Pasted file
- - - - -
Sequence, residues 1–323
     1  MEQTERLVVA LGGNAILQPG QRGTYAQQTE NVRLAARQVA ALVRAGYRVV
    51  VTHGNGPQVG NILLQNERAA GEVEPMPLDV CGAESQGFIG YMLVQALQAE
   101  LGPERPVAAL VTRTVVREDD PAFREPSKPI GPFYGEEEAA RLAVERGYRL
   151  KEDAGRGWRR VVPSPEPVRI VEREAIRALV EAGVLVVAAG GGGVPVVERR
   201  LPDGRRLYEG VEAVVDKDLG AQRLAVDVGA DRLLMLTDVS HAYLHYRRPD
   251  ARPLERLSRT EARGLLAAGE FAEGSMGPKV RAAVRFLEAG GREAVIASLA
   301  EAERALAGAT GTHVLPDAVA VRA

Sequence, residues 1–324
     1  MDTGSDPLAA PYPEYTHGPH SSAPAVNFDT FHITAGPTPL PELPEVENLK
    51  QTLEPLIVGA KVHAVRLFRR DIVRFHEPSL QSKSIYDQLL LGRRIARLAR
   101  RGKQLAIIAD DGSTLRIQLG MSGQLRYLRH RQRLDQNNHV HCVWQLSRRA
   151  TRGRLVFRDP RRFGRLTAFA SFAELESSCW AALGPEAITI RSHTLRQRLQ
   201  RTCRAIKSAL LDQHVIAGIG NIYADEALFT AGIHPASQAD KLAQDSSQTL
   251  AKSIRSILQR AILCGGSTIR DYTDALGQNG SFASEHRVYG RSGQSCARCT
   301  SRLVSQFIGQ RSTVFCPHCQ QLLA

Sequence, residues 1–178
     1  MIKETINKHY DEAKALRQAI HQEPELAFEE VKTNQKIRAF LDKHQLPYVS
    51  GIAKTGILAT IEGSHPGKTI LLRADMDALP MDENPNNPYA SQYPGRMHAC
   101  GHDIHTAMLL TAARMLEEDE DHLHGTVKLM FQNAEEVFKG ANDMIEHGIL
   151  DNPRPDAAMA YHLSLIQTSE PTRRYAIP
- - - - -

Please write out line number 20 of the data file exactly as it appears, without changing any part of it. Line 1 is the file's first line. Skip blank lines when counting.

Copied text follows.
   101  GHDIHTAMLL TAARMLEEDE DHLHGTVKLM FQNAEEVFKG ANDMIEHGIL